From Polcompball Wiki
Jump to navigationJump to search

"In our system there will be no more expensive balancing acts or catastrophic downfalls; no more conspiracies or usurpations. Everybody is legitimate and nobody. One remains legitimate without objection as long as one is accepted, and for one's supporters alone. Apart from this, there will be neither divine nor secular rights, no right except that to change, to perfect one's program and to make fresh appeals to one's followers."

Panarchism is an ideology that believes that the populace should have the right to choose the form of government ( or lack thereof) that they are part of/live under without having to change their physical residence.
It's the idea that every part of a certain country or group of lands should be led by voluntary associations of people and free competition of form of governments, similar to the competition of private firms on the market. People could associate and disassociate from different governments depending on their preferences.
De Puydt, being a classical liberal, favored Laissez-Faire economics, but Panarchism allows for different economic systems to co-exist.
Conflicts between people, that are part of different governments (or no government), would be handled by third-party judges and would lead to a standardization of law (like common law) among everyone as continuous conflict resolution takes place, similar to how anarcho-capitalists envision private law societies.


Paul E. De Puydt, the founder of Panarchism, was a Belgian writer of the 19th century. He devised Panarchism in the year 1860 with an article with the same name[1] which was influenced by his ideas of free competition (result of his support for free market liberalism) as well as his fellow Belgian economist, Gustave de Molinari, who also believed the principles of free competition in the market should be expanded upon previously considered "public matters".
De Puydt, seeing how constant infighting over forms of government affected Europe in the 19th century, realized that it was impossible to please everyone by forcing them under a singular system, but rather the way to end these conflicts was to give everyone the chance to choose their ideal form of governance, and not interfere with that of others in a similar manner to how a Prussian citizen has no business in the governance of France.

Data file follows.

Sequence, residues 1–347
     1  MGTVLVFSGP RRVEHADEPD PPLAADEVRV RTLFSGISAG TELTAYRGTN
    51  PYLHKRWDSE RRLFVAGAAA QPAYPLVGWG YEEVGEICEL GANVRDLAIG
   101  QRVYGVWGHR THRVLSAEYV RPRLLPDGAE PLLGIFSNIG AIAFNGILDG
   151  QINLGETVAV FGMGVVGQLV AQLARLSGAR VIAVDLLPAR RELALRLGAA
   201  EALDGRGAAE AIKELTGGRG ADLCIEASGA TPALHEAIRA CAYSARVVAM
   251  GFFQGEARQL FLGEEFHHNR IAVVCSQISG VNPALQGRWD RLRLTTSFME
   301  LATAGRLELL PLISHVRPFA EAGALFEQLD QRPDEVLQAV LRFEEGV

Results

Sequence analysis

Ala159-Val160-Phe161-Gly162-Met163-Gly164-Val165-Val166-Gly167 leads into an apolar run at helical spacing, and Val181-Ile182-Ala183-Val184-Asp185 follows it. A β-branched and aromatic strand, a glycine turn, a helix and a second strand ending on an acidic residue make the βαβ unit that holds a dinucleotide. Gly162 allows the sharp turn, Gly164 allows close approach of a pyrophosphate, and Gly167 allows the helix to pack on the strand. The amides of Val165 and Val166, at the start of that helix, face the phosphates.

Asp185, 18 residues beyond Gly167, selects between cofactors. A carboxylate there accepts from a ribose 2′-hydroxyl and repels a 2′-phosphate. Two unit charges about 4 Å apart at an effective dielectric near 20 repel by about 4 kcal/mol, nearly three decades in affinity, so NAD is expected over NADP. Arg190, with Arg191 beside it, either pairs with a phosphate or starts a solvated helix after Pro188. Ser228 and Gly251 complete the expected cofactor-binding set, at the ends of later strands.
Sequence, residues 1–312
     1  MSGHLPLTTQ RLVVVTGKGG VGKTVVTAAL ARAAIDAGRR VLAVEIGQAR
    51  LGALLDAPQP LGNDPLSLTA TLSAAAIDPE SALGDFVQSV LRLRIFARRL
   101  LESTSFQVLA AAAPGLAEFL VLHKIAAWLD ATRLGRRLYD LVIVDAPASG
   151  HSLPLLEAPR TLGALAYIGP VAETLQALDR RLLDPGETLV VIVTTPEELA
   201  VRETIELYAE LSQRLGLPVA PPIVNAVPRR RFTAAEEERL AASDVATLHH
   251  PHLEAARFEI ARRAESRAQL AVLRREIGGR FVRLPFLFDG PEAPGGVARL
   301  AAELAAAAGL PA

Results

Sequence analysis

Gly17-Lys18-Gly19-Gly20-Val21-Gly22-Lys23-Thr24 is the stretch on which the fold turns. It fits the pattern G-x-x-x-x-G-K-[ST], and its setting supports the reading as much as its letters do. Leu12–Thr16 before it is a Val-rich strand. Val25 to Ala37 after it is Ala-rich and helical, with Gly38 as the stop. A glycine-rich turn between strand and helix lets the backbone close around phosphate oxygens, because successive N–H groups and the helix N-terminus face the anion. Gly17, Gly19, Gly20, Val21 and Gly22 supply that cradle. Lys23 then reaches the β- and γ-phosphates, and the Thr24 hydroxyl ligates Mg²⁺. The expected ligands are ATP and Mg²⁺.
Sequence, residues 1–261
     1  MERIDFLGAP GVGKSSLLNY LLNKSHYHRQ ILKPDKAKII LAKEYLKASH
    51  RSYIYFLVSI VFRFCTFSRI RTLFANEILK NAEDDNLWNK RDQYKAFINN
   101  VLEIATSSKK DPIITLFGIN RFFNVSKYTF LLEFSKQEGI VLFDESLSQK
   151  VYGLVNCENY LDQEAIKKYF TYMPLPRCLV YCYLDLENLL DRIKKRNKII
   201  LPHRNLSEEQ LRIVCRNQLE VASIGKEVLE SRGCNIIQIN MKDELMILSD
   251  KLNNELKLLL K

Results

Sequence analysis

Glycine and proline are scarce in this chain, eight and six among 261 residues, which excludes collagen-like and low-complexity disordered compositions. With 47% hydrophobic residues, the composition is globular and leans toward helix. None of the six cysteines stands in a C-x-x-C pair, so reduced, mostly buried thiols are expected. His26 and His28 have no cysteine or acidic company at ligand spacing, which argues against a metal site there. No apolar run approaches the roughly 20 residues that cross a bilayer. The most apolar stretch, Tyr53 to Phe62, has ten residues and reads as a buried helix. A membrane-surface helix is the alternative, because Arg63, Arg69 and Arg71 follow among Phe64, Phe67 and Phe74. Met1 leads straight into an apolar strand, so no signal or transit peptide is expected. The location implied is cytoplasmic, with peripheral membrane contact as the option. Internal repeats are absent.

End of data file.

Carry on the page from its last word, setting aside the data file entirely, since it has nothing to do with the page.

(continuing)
Though De Puydt's ideas never succeded, its influence can be seen in the writings of other Clasical Liberal writers such as Auberon Herbert, Anarchist writers such as Anselme Bellegarrigue and Max Nettlau, as well as many modern Anarcho-Capitalist thinkers, who argue that it approximated polycentric law.



Flag of Polyarchy

Polyarchy is an economically variable, libertarian ideology, that strives to create a society based on voluntaryism, pluralism and spatialism. To achieve this society, Gian Piero de Bellis (the founder of polyarchy) advocates for a conjunction of cosmopolitanism and panarchism.

How to Draw

Flag of Panarchism
  1. Draw a ball,
  2. Divide it into quadrants,
  3. Colour the top right and bottom left quadrants a lighter shade of black,
  4. Draw a yellow infinity sign,
  5. Draw the eyes and you're done!
Color Name HEX RGB
Black #141414 20, 20, 20
Yellow #E7E700 231, 231, 0




  • Classical Liberalism - You are my main inspiration though the social contract is BS. If we get to compromise on a Classical Liberalism closer to Mises's, we might get to an agreement.[2]
  • Irredentism - Depends. If you restore connection after it was forcibly broken by war - it's good, but if people there don't want to be part of your country, then not.
  • Synthesis Anarchism - We can make a good team if you drop your anti-capitalism.
  • Patchwork - Every city is a state? How about every individual?
  • Mutualism - Against territorial monopoly just like me, but why limit yourself to only one economical system?
  • Nomadology - Often people confuse us, he says some takes I can agree with tho.
  • Democratic Confederalism - Based, but I wish you were more open to markets.


  • Imperialism - You want to force people to live with the government they don't want to be part of.
  • Illuminatism - Wet dream of that guy above.
  • Universal Monarchism - Again?
  • Globalism & World Federalism - Any system will corrupt, if it happens localy, people can atleast leave to somewhere safe, if global government will corrupt, there will be no hope for them.
  • Ultranationalism - Whatever you say it makes absolutely no sense to me.

Further Reading




  1. Panarchism by Paul Émile de Puydt (1860)
  2. Mises on secession




Alternative designs

Comics and Artwork